Peter and Olya Savaryn Award
support Ukrainian studies at CIUS
4 March 2014 - The Canadian Institute of Ukrainian Studies (CIUS) at the University of Alberta, together with the Canadian Foundation for Ukrainian Studies (CFUS) and Peter Savaryn, a well-known Ukrainian-Canadian activist, are pleased to announce the launch of the Peter and Olya Savaryn Award. The award is intended to support a range of scholarly and educational projects at CIUS, such as providing grants to scholars, organizing public events, and supporting publications and translations in Ukrainian studies. The terms of reference were recently finalized, and all three parties have signed an agreement. CIUS will determine the allocation of the award, while CFUS will continue to manage the fund that generates income for it. The first award will be issued this spring.
In 1996, CFUS created the Peter Savaryn Award for Contributions to the Development of Ukrainian Studies to honour Mr. Peter Savaryn for his many years of dedicated service and contributions to Ukrainian studies. In 1997, during the presentation of the award, Mrs. Savaryn generously matched its value ($5,000) with a personal donation, and it was renamed accordingly. Since then, the principal of the fund has remained intact and has now generated an amount sufficient for an annual award.
Peter and Olya Savaryn are well known in Canada for their generosity, initiatives, and dedicated community work. Peter Savaryn was born in the village of Zubrets near Buchach in Ternopil oblast. He began his studies in Ukraine but was only able to complete them after the war in Germany. He arrived in Canada in 1949. Soon afterwards, he obtained a law degree at the University of Alberta and had a professional career as a lawyer. He was active in such community organizations as the Ivan Franko School of Ukrainian Studies, Plast, the Ukrainian Canadian Congress, the Ukrainian Professional and Business Club, the Multicultural Committee of the UP&BC, the Alberta Ukrainian Commemorative Society, St. Michael’s Nursing Home, and the Bishop Budka Charitable Society. Mr. Savaryn served five years as president of the World Congress of Free Ukrainians and is currently chair of the Shevchenko Scientific Society, Edmonton branch. He was one of the founders of the Canadian Foundation for Ukrainian Studies, serving as its president (1979-83) and then as a board member until 1997.
Mr. Savaryn has also excelled in Canadian political, educational, and cultural life. He was instrumental in numerous election campaigns at the municipal, provincial, and federal levels. He served as president of the Progressive Conservative Party of Alberta, was a member of the University of Alberta Board of Governors, and acted as a representative of the board in the Senate (1972-78). Later, Mr. Savaryn was chancellor of the University of Alberta (1982-86) and subsequently served for twenty years as chair of the Friends of the University of Alberta. In 1958, Mr. Savaryn was among those who inspired the provincial government to introduce Ukrainian language instruction in Alberta high schools and at the University of Alberta. Permission alone was not sufficient, however. Mr. Savaryn recognized the need for textbooks and established Gateway Publishers to prepare learning materials in the Ukrainian language. In 1971 he was also one of those who inspired Prime Minister Trudeau to proclaim Canada an officially multicultural nation. This proclamation led to the establishment of bilingual schools, the Ukrainian Cultural Heritage Village at Elk Island Park, and CIUS at the University of Alberta. It also motivated the erection of the world’s first memorial in honor of the victims of the Holodomor in front of the Edmonton city hall, as well as the establishment of St. Michael’s Long Term Care Centre, Verkhovyna.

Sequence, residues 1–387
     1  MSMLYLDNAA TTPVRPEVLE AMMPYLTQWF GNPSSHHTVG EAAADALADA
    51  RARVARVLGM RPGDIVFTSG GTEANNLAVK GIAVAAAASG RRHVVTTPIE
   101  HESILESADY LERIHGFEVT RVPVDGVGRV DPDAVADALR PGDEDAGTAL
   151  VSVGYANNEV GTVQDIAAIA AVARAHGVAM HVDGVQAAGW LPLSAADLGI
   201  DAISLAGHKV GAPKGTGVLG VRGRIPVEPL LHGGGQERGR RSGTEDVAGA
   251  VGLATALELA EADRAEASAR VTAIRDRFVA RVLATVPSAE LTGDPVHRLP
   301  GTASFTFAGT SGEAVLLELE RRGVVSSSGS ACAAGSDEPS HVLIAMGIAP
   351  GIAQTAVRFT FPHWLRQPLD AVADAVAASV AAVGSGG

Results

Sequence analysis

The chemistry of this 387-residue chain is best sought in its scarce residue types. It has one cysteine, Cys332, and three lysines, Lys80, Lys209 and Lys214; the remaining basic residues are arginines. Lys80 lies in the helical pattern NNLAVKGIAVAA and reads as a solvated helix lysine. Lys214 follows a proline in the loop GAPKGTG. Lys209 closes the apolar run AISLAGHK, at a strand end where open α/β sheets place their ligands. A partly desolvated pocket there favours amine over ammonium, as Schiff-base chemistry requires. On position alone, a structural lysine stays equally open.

Olya Savaryn (nee Kobzar Prystajecky) was born in 1930 in the village of Zhyznomyr near Buchach, Ternopil oblast. She began her studies in Ukraine, continued in Germany, and completed them in Alberta. A graduate of Alberta College, she worked as a legal secretary in her husband’s office. She was active in the Ukrainian and Canadian communities, being involved in Plast (recipient of the St. George’s and Eternal Fire badges in silver) and the Ukrainian Catholic Women’s League of Canada (in charge of education and culture, honorary life member), and conducting a musical radio program for the League for twenty years. Mrs. Savaryn sang for thirty years in the Dnipro Choir, acted as secretary of the Alberta Ukrainian Commemorative Society for fifteen years, and served as secretary and president of the Ukrainian Canadian Congress, Edmonton branch (recipient of the Shevchenko Medal and the Hetman Award from the Alberta Provincial Council of the UCC). She was also an active member of the Conservative Party of Alberta and Canada. Mrs. Savaryn accompanied and assisted her husband in his numerous projects and business trips.
“Olya and I travelled everywhere together as an inseparable pair of horses,” writes Peter Savaryn in his memoirs, Z soboiu vzialy Ukrainu (We Took Ukraine with Us, 2007). “We will rest in the other world. And life is so interesting!” The Peter and Olya Savaryn Award is another accomplishment of this unique couple. It will serve the Ukrainian community in Canada and elsewhere and always remind us of the generosity, caring, and visionary mindset of its founders.
L. to R: Roman Shiyan, Volodymyr Kravchenko, Peter Savaryn, Zenon Kohut and Mykola Soroka